Tenable Research Discovers Remote Code Execution Vulnerabilities in GPON Routers
Tenable Research has discovered six new vulnerabilities in Nokia (Alcatel-Lucent) I-240W-Q GPON routers that can provide attacker with telnet access, DoS the target, or run arbitrary code.
Nokia (Alcatel-Lucent) I-240W-Q Gigabit Passive Optical Network (GPON) routers are designed to replace standard copper networks. These routers have become an attractive target for botnets, and turnaround from disclosure to attack is almost immediate.
Tenable researcher Artem Metla has discovered six new vulnerabilities in Nokia (Alcatel-Lucent) I-240W-Q GPON routers (CVE-2019-3917, CVE-2019-3918, CVE-2019-3919, CVE-2019-3920, CVE-2019-3921, CVE-2019-3922). These vulnerabilities include a remotely accessible backdoor, hardcoded credentials, command injections, and stack buffer overflows.
CVE-2019-3917: By sending a specially crafted HTTP request to the device, a remote attacker could partially disable the firewall and expose a Telnet service to external access.
CVE-2019-3918: Hardcoded root credentials were discovered in Dropbear (SSH) and Telnet services.
CVE-2019-3919, CVE-2019-3920: An authenticated attacker can utilize malicious HTTP POST requests to take advantage of unsanitized system() calls to execute shell commands as root user and escalate to the router’s OS level.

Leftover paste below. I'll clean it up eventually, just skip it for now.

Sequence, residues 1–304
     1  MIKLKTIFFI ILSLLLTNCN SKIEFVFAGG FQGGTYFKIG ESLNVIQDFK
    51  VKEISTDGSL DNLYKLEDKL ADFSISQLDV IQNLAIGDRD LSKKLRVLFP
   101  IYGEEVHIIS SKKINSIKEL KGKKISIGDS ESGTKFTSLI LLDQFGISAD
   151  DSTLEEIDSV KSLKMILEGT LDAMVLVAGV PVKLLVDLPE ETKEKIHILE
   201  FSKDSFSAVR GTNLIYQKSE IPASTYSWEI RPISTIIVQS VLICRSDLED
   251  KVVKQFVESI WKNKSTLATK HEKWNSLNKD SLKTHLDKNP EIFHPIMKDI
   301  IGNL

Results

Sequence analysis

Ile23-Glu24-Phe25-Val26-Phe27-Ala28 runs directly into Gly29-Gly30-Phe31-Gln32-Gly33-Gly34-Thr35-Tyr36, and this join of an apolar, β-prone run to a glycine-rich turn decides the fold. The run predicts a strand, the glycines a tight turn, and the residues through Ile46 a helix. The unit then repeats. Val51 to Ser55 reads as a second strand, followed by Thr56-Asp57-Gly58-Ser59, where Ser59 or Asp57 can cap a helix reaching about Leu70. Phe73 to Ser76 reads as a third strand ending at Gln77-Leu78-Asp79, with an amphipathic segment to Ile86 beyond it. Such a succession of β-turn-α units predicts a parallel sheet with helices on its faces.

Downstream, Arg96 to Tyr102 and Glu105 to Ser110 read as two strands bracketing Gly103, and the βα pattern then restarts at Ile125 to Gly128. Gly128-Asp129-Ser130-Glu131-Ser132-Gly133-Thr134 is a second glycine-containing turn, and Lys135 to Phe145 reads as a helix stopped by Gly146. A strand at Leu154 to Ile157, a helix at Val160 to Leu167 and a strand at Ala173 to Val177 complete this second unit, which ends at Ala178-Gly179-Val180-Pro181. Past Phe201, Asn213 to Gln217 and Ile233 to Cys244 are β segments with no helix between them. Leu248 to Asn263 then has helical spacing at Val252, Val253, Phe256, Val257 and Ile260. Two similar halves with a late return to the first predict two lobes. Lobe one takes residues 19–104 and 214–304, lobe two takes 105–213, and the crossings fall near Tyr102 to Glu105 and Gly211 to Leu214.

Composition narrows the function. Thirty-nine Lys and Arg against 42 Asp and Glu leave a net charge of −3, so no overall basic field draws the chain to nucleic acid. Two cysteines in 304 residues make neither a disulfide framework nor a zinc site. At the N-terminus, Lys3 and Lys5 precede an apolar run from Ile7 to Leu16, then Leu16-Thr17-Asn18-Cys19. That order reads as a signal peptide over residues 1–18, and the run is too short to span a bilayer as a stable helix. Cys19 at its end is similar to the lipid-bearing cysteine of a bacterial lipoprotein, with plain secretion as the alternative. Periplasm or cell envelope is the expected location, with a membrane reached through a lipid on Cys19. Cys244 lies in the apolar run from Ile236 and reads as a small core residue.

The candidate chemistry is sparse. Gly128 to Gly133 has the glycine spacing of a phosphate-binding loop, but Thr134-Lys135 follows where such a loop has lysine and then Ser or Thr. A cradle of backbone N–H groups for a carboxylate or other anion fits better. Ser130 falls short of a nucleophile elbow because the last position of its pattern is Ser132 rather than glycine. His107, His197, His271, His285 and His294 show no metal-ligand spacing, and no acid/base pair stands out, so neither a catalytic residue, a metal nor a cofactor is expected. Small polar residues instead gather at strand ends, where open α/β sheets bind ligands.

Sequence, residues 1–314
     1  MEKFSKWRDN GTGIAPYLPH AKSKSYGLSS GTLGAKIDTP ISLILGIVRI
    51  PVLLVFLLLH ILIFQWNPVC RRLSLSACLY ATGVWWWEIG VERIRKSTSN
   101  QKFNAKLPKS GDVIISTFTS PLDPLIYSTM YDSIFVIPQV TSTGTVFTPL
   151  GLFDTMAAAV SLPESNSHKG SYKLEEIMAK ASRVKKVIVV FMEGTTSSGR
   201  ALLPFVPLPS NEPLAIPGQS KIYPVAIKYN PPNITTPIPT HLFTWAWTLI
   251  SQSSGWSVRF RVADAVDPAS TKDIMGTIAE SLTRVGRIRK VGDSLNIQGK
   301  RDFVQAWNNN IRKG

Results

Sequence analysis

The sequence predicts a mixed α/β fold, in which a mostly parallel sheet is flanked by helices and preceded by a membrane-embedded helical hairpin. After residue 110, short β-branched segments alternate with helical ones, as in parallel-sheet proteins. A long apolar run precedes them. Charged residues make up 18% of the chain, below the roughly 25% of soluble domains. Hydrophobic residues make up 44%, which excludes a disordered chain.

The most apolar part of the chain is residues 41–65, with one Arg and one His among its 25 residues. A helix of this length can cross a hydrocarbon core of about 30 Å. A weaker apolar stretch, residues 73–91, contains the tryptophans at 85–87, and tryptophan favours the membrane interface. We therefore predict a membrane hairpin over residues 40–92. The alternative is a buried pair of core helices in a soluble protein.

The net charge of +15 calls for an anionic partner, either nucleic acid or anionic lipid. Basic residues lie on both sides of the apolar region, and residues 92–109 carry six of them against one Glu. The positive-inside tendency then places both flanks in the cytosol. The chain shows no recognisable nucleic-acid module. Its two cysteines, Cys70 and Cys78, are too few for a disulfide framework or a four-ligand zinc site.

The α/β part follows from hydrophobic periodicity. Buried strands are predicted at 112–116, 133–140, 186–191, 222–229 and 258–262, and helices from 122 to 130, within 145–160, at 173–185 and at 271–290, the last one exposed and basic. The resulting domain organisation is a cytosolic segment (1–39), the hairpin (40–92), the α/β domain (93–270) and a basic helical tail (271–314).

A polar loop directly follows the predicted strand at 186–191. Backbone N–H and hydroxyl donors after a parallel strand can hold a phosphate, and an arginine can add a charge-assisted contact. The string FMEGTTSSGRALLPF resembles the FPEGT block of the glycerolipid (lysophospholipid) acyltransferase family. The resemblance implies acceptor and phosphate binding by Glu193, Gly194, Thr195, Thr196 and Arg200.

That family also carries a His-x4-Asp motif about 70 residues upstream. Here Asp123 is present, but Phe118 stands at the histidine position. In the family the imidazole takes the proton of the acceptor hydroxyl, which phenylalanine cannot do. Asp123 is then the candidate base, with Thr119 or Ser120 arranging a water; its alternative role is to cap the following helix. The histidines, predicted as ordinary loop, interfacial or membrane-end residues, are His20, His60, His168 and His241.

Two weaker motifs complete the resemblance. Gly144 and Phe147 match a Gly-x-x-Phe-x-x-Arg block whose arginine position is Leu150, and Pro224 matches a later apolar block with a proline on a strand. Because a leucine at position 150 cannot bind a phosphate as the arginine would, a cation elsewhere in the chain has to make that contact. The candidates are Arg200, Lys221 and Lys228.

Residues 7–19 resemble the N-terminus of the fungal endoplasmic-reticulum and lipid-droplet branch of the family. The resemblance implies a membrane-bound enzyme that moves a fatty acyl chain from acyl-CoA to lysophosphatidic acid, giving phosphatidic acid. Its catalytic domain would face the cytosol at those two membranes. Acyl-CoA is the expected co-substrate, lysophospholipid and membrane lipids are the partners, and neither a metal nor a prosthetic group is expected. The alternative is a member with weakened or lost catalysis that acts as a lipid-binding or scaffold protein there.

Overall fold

CVE-2019-3921 (Authenticated), CVE-2019-3922 (Unauthenticated): An attacker can send malicious HTTP requests to trigger stack buffer overflows that cause a DoS, or arbitrary code execution. Researcher Artem Metla has written a proof of concept for CVE-2019-3921.
If one of these routers is compromised, a threat actor could launch man in the middle (MitM) attacks to sniff network traffic, modify requests and responses and log all communications. Malicious scripts could also be placed on the device to launch attacks against assets that weren’t previously exposed to external attack. Compromised routers could be used in conjunction with other malicious devices to unleash distributed denial of service (DDoS) attacks. Lastly, these devices could be used to spread malware to create a botnet for a variety of malicious uses.
Nokia is reportedly working on patches for these vulnerabilities. If you believe you are affected, you can reach out to Nokia for more information.
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Visit the Tenable Tech Blog on Medium to read researcher Artem Metla’s in-depth story about his work uncovering these vulnerabilities.
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